Thanks to host Marcia at The Printed Page I'm participating in the Mailbox Monday round up. This week I received the following advance review copies:
1) Letter to My Daughter by George Bishop. Publisher's Summary.
It’s early morning and I’m sitting here wondering where you are, hoping you’re all right.
A fight, ended by a slap, sends Elizabeth out the door of her Baton Rouge home on the eve of her fifteenth birthday. Her mother, Laura, is left to fret and worry—and remember. Wracked with guilt as she awaits Liz’s return, Laura begins a letter to her daughter, hoping to convey “everything I’ve always meant to tell you but never have.”
In her painfully candid confession, Laura shares memories of her own troubled adolescence in rural Louisiana, growing up in an intensely conservative household. She recounts her relationship with a boy she loved despite her parents’ disapproval, the fateful events that led to her being sent away to a strict Catholic boarding school, the personal tragedy brought upon her by the Vietnam War, and, finally, the meaning of the enigmatic tattoo below her right hip.
Absorbing and affirming, George Bishop’s magnificent debut brilliantly captures a sense of time and place with a distinct and inviting voice. Letter to My Daughter is a heartwrenching novel of mothers, daughters, and the lessons we all learn when we come of age.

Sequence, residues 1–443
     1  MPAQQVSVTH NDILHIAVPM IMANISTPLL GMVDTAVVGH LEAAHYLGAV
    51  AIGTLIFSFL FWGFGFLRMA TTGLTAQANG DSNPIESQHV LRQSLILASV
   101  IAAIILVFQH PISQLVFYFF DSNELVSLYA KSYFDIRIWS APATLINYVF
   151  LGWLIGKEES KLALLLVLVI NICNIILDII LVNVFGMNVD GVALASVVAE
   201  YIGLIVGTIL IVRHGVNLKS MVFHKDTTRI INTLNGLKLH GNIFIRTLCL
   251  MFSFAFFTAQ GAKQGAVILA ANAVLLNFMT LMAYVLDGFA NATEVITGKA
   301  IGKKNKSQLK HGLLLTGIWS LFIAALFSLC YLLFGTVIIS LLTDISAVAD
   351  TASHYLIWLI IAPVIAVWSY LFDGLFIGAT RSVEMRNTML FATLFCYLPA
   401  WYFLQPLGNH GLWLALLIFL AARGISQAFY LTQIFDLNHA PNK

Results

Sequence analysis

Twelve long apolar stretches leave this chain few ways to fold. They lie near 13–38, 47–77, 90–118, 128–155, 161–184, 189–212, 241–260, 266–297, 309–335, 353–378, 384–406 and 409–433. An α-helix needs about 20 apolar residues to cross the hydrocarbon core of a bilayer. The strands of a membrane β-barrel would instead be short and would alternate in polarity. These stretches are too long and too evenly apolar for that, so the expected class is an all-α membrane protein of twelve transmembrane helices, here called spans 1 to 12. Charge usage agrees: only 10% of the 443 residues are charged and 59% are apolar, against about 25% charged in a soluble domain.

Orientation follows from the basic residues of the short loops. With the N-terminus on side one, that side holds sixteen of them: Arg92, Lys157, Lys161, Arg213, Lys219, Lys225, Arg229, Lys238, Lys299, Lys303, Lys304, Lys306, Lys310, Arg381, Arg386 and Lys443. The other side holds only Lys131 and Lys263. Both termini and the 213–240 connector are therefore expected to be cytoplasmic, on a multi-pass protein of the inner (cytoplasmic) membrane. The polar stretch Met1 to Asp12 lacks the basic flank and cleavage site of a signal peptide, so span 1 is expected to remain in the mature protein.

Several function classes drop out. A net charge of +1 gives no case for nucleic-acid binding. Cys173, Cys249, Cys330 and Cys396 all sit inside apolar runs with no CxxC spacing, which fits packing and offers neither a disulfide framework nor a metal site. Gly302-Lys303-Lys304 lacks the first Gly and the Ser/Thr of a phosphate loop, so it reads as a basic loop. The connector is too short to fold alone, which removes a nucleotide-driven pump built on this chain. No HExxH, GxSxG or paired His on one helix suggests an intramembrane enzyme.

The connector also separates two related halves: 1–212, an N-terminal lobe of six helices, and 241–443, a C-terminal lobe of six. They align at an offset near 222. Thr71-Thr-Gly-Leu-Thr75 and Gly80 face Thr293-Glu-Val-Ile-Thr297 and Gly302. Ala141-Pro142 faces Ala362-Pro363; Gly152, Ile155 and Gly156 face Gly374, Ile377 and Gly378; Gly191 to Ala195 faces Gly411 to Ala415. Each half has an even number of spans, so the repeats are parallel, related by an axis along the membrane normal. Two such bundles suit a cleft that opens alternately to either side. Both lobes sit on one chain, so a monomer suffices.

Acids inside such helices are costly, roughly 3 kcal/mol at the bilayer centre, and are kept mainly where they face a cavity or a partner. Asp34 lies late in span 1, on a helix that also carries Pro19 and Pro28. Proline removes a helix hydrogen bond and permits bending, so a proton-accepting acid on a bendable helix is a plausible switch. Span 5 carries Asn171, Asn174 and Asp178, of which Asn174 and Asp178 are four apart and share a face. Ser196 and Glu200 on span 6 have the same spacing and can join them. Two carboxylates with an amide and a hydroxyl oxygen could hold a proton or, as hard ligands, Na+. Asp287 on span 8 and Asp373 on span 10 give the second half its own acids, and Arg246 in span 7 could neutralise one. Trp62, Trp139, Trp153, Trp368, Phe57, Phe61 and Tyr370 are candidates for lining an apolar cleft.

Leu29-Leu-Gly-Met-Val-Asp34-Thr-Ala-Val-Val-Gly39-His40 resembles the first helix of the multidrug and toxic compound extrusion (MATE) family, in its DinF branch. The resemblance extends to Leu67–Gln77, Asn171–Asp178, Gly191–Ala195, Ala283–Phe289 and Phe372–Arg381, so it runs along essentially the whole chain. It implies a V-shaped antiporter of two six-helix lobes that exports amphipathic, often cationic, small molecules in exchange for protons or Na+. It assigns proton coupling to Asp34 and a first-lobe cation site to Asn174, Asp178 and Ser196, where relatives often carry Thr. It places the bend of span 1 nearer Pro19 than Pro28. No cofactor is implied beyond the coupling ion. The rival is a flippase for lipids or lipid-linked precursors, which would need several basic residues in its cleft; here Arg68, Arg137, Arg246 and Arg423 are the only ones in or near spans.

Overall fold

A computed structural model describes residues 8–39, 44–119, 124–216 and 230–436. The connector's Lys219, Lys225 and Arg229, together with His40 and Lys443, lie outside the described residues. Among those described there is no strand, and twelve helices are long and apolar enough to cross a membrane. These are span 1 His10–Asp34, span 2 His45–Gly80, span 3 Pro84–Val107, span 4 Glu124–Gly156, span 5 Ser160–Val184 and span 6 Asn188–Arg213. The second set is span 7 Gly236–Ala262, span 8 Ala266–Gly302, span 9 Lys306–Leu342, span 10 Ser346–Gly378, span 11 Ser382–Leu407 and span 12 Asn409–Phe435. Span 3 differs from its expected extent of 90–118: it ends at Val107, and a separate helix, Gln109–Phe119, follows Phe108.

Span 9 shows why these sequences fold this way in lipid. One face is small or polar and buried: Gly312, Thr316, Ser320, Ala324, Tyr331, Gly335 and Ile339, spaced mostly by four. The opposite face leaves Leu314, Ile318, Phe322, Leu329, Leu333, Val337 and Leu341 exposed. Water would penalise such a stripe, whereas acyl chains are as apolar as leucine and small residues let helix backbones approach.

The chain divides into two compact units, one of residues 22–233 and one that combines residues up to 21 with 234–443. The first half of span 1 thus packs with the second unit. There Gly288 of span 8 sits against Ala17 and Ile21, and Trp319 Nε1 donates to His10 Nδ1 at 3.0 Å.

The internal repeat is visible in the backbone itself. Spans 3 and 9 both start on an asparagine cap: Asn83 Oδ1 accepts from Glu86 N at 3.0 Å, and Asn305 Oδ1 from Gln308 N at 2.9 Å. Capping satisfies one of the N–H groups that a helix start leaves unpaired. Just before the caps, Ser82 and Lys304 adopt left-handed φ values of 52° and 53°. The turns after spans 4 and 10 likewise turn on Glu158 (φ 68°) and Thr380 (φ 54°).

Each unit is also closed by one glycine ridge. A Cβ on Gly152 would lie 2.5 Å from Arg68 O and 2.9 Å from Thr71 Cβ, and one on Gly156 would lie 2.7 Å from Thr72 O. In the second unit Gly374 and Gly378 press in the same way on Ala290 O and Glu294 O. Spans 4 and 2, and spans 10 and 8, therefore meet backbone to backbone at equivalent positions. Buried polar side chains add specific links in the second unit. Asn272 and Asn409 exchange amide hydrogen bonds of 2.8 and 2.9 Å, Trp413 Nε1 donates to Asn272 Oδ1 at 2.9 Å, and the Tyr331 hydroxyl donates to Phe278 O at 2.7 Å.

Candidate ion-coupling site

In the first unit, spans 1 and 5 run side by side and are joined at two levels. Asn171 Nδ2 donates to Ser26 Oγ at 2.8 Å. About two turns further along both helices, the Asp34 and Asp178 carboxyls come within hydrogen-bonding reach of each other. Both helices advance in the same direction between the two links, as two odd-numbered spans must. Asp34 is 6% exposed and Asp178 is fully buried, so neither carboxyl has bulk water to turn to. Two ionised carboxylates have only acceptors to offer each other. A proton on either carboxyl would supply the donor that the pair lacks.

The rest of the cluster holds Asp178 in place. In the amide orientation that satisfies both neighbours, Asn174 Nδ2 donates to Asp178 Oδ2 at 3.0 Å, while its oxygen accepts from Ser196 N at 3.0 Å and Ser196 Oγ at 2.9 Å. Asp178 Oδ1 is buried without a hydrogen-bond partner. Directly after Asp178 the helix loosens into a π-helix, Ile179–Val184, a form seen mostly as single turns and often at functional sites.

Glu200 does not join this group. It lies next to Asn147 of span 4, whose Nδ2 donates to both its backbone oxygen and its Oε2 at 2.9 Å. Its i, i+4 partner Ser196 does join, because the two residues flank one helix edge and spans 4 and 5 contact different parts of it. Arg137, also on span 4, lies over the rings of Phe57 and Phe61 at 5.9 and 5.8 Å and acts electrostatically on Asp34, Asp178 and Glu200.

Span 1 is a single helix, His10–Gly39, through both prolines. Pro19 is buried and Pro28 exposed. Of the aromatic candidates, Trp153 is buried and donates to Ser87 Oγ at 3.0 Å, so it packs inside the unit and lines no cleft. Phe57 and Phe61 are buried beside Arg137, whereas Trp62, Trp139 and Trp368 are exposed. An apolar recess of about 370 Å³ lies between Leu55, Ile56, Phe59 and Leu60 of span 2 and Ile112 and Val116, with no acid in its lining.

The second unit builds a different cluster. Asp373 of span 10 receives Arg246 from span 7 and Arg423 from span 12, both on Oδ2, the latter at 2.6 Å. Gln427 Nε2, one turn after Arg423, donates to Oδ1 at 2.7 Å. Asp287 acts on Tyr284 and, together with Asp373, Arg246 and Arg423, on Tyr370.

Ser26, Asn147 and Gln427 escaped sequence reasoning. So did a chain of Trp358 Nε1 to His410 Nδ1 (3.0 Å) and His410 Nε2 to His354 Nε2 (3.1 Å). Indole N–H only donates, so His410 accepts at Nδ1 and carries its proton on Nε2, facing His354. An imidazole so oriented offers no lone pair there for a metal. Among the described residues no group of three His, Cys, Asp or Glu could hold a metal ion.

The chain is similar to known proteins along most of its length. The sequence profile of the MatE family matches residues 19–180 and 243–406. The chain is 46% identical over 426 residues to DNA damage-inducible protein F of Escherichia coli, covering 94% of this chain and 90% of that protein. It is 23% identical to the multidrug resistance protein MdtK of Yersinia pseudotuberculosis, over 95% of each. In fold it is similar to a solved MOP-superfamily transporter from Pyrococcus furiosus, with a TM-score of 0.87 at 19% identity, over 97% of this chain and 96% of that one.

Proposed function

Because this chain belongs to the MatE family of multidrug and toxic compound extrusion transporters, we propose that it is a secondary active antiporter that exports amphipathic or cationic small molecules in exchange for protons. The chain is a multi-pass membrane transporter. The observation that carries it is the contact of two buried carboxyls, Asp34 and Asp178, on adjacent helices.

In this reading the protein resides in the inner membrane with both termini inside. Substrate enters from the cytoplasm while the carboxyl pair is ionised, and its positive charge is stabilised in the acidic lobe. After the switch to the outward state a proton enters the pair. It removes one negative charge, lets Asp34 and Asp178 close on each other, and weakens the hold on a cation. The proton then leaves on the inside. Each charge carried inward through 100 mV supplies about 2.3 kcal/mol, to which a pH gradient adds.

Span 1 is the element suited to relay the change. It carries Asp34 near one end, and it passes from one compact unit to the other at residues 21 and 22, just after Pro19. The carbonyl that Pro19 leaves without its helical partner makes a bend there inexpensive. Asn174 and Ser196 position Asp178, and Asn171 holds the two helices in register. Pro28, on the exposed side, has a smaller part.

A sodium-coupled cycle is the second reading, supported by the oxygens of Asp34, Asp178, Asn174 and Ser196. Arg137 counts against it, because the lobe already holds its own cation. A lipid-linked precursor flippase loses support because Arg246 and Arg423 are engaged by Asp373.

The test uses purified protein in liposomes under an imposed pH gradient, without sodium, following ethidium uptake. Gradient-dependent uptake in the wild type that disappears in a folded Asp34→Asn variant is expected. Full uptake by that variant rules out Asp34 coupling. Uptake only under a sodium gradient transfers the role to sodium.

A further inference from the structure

Thanks to Random House.
2) Career Comeback by Lisa Johnson Mandell. Publisher's Summary. Unfortunately, getting older can be a career killer. That's what entertainment journalist Lisa Johnson Mandell discovered when she sent out a resume that made her sound like an aged veteran. Her new career makeover guide-expanded from the Wall Street Journal article about revamping her "older" image to land her dream job-acknowledges that experience matters, but looking and acting up-to-date matter just as much. Mandell provides ten strategies for putting a youthful spin on resumes, Web pages, and personal presentation.
Thanks to Hachette Book Group.